Defense Secretary James Mattis on Tuesday sought to temper media reports that the Pentagon has taken a more optimistic outlook on Afghanistan, a day after a pair of suicide bombings in Kabul killed at least 35 people, including 10 journalists.
Mattis, when asked how to reconcile the bombings with recent Pentagon statements suggesting an improving outlook, said he would "not subscribe to that" line of thinking.
“I don't know that that's been the message from this building. ... We said last August NATO is going to hold the line, we knew there would be tough fighting going forward,” Mattis told reporters before meeting with Macedonian Defense Minister Radmila Šekerinska.
An affiliate group of the Islamic State in Iraq and Syria has claimed credit for the recent attack, the deadliest single incident against journalists in Afghanistan since 2002. After the first suicide bombing, another militant detonated his explosives after journalists convened to cover the first blast.
“The murder of journalists and other innocent people is a great testimony to what it is we stand for and more importantly what we stand against,” Mattis said. “We anticipated and are doing our best and have been successful at blocking many of these attacks on innocent people but unfortunately once in a while they get through.”
The White House on Tuesday also strongly condemned the attack. Press secretary Sarah Huckabee Sanders said there was “absolutely no justification for such a senseless and heinous act."
President Trump in August announced a new strategy for the ongoing 16-year war in Afghanistan that included the United States sending thousands more troops there as well as strengthening its airpower.
By March, Mattis said that he had seen signs that some elements of the Taliban are interested in talking about ending the war.
“We’ve had some groups of Taliban, small groups, who have either started to come over or expressed an interest in talking,” he said.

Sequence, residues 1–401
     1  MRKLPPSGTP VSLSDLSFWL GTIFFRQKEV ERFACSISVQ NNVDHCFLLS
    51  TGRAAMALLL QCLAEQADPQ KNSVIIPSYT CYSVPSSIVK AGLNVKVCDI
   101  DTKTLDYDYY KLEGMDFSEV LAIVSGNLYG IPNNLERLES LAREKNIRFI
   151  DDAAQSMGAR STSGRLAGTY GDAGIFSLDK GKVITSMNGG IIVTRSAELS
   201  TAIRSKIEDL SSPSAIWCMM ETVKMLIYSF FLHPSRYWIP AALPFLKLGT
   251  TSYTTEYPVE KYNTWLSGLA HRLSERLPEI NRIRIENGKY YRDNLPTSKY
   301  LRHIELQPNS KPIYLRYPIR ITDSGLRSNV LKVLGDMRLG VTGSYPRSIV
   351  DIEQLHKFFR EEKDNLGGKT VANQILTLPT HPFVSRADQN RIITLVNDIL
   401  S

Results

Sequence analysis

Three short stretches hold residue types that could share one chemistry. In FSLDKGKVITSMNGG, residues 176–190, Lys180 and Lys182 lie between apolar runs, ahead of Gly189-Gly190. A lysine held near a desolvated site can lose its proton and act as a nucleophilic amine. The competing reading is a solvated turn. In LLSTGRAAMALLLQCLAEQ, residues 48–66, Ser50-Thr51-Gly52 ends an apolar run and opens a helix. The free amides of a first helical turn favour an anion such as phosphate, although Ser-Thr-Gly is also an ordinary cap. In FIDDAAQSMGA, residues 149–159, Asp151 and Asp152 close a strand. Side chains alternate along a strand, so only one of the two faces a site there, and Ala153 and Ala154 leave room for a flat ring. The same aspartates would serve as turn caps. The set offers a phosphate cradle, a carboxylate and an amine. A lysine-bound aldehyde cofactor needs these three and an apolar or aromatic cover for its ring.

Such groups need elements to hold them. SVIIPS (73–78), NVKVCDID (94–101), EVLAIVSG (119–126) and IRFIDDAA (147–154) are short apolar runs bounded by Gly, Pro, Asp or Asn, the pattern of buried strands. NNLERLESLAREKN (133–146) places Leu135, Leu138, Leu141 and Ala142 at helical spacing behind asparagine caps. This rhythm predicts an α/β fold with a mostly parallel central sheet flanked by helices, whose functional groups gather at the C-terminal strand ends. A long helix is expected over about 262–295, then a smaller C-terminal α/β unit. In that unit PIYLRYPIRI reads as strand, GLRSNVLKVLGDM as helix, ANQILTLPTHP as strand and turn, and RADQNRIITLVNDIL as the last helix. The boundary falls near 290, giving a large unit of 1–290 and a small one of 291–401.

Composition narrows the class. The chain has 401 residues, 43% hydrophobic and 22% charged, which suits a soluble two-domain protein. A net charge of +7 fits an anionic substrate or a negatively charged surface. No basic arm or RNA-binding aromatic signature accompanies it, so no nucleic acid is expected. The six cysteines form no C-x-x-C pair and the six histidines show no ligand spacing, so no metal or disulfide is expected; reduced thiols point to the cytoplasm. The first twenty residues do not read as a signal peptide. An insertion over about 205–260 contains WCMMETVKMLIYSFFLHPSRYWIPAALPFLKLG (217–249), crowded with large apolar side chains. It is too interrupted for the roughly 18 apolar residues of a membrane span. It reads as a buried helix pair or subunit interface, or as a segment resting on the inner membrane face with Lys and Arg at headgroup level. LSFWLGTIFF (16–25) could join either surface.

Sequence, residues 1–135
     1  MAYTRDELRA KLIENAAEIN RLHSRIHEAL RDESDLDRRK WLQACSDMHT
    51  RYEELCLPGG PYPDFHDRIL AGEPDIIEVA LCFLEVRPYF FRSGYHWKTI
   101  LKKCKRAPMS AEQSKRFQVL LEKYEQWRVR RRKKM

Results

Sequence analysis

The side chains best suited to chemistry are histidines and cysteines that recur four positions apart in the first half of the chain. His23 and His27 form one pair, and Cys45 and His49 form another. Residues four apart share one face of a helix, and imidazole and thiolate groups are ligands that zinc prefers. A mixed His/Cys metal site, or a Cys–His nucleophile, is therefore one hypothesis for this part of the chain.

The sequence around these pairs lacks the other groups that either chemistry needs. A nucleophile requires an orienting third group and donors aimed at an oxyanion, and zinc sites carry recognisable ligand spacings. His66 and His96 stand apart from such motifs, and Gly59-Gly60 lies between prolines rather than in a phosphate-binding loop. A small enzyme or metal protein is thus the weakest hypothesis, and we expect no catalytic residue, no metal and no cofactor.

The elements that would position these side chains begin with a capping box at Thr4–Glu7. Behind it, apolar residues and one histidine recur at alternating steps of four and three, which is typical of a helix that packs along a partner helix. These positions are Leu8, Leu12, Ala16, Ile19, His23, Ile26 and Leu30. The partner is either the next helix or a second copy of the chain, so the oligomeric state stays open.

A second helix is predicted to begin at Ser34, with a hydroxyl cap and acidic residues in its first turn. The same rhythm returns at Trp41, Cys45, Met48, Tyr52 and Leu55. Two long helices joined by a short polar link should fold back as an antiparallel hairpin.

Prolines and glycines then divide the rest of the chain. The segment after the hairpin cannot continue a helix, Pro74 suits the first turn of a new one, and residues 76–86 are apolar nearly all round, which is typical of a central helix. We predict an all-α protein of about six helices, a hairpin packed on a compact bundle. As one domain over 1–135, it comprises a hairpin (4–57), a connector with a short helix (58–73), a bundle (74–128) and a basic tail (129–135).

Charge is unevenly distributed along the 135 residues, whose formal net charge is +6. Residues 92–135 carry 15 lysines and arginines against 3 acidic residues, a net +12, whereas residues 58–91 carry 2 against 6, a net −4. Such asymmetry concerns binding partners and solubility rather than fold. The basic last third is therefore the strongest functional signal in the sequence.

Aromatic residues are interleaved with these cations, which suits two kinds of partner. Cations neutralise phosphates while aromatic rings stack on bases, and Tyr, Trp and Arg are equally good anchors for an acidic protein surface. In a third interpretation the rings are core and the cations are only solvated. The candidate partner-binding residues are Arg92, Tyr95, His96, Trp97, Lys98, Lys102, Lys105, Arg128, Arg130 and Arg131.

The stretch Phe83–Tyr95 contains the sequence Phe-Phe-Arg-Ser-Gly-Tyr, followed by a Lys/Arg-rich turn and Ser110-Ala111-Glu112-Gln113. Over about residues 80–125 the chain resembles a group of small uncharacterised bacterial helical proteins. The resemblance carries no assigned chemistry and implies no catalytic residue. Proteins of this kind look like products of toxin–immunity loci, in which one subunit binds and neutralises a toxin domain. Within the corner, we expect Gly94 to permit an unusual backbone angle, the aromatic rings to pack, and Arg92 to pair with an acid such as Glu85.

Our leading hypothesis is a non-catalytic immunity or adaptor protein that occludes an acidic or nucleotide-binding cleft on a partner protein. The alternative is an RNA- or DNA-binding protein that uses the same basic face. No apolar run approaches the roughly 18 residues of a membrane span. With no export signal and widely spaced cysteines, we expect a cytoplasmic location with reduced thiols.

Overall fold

While meeting with Mattis in Kabul, Afghan President Ashraf Ghani called Trump’s strategy a “game-changer.”
The head U.S. commander in Afghanistan, Army Gen. John Nicholson, later said that he agreed with Ghani’s assessment.
But following the recent bombings — as well as a new audit showing that Afghan security forces have shrunk by 10 percent — Mattis stressed that work is still ongoing to improve the situation within the country. He also indicated the actual numbers of Afghan troops doesn’t matter, rather, it’s how capable they are in deterring the enemy.
“The Afghan military is being made more capable, you'll notice that more of the forces are special forces, advised and assisted, accompanied by NATO mentors and these are the most effective forces,” Mattis said.
“So the expansion there is why the enemy has been unable to take any district centers provincial centers or make any advances there.”
The Special Inspector General for Afghanistan Reconstruction (SIGAR) this week released a new report that found that Afghan army and police forces have shrunk by about 36,000 personnel in a year.
The report also found that, since August 2016, insurgents have expanded control over parts of the country by 4 percent.
About 14.5 percent of the country’s total districts “were under insurgent control or influence - the highest level recorded since SIGAR began receiving district control data,” according to the report.
The United States currently has about 15,500 troops in Afghanistan with 7,800, assigned to the NATO-led Operation Resolute Support.